I am trying to create a planet that rains acid, and that has acidic oceans of water, but a breathable nitrogen-oxygen atmosphere. This planet has native lifeforms that have evolved to withstand these acid rains and that have perfectly adapted to the acidic oceans.

Maybe the acid rain could be produced by volcanism, or the life on this planet somehow creates the acids in the form of waste or by expelling them. What type of acid could we be seeing here?

The air doesn't have to be fully breathable, maybe we could use filter masks to protect from harmful acid gas.

  • $\begingroup$ How acidic do you intend to have your oceans? Because that alone is going to cause some major issues for how much oxygen there is cycling throughout your planet. $\endgroup$
    Dec 22, 2022 at 0:58
  • $\begingroup$ Huh, this might be a long-shot question. What we know about rain formation means it can't be systemic to the rain cycle or the atmosphere wouldn't be breathable. What could exist is an atmospheric layer that doesn't mix well with the breathable atmosphere below, but for some reason the rain condenses above that layer, thus the rain becomes acidic as it passes through the layer. I don't know if it's possible (given wind, etc) to have layers like that on a planet as small as (e.g.) Earth. Jupiter, yes, but probably not earth. Good question! Is a believable answer adequate? $\endgroup$
    – JBH
    Dec 22, 2022 at 2:40
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    $\begingroup$ I'm tempted to answer "Earth." Our rain has a PH of around 5.6, and the increase in CO2 in our atmosphere is turning our oceans into carbonic acid. How acidic does it need to be for the story to work? noaa.gov/education/resource-collections/ocean-coasts/… $\endgroup$ Dec 22, 2022 at 3:58
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    $\begingroup$ Welcome to Worldbuilding! As it stands, your question is generating Votes to Close as it asks multiple questions and lacks some focus. I'd suggest editing it to focus on the question 'what kind of acid could this be?', and leave things like 'how could it be produced?' and 'how could we protect humans?' to further discussions. $\endgroup$
    – K. Morgan
    Dec 22, 2022 at 12:08
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    $\begingroup$ Realistic options for acidic rain is a legitimate worldbuilding question. So legit as to be almost banal. It is focused too: acid rain, breathable atmosphere. Vote to reopen. $\endgroup$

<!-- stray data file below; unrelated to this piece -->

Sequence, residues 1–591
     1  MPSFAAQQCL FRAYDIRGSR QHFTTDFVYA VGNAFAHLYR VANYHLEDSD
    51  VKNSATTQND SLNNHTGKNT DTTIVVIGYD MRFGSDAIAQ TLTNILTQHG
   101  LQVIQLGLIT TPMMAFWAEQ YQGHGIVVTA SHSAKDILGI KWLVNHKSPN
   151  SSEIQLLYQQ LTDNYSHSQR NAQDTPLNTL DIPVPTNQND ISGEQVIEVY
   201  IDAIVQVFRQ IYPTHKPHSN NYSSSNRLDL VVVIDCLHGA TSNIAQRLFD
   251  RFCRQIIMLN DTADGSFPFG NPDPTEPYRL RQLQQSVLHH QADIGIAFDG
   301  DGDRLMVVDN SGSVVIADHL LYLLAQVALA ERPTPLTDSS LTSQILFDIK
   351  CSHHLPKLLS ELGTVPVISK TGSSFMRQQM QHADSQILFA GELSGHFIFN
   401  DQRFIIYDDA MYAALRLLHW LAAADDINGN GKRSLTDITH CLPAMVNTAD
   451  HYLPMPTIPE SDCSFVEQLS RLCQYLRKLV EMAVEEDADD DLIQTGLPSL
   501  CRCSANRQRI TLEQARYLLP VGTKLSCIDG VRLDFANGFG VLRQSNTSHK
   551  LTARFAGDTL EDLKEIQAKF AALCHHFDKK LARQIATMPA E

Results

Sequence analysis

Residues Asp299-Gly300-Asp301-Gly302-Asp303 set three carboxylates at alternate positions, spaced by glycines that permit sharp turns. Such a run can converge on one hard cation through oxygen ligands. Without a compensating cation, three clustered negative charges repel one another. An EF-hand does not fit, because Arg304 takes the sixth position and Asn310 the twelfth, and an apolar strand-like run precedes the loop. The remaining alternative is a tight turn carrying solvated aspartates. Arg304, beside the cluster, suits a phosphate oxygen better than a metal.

– Willk
    Dec 23, 2022 at 20:27

2 Answers 2


Short answer: Volcanic eruptions or nitric acid breathing by animals/funghi might be the best way to go.

I'm assuming you mean a pH of 0-2, this is would be really acidic. For this, a strong acid gas is needed. It must be a gas to cause acid rain and it must be created in the atmosphere/on land, not in the oceans because there it would react immediately with the water, leading to acidic oceans but not to acid rain. In the atmosphere the acidic gas would react with water and cause acidic rain. There are 3 common (and a lot less common) acid gasses.

Sulphuric acid (H2SO4) is quite common in volcanic eruptions leading to acid rain here on earth from time to time. Sulfur doesn't really play a major role in land biology (quantitatively), so there is no good reason why it would be mass-produced by land organisms.

Nitric acid (HNO3) contains nitrogen. Nitrogen is way too valuable for any primary producer (plants, some bacteria) to be emitted into the atmosphere, but heterotrophic organisms (animals,funghi) need to get rid of nitrogen. Animals usually do this by excreting it in a solution (e.g. urine), but I guess it would not be completely implausible to get rid of it by breathing out HNO3 just like they get rid of carbon with breathing out CO2.

Hydrochloric acid (HCl) contains chlorine. This is generally abundant in the ocean, but it requires a lot of enery to create HCl from it. I could imagine some plants at the coast (some sort of mangroves) that use some sort of biogenic electrolysis to get minerals from the seawater and create HCl in the process as waste-product. Although this would hardly be enough to create enough of it to alter the atmosphere significantly.

All of this gases are high-energy compounds, so organisms need a good reason to use energy on it, e.g. because they need to get rid of a waste-product, just like oxygen. The most plausible is probably the sulfuric acid by volcanic eruptions. The least implausible biogenic explanation is probably the breathing of nitric acids by heterotrophs. While the volcanic eruptions are a relatively solid explanation, the nitric acid breathing is speculative.


Sulfuric acid in rain has been severe enough to damage marble building facades and artworks exposed to the weather, when coal burning was widespread and sulfur reduction wasn't yet available in the 19th and 20th centuries.

All that would be needed for this to be a "natural" problem is for lightning to ignite exposed coal seams (as is believed to be the case with the burning coal seam in North Dakota, which was already alight when the first settlers reached the region and was still burning as recently as a few years ago) over a significant area; soft coal, especially, tends to be high in sulfur and the combustion products will react with moisture in the air to produce sulfuric acid.


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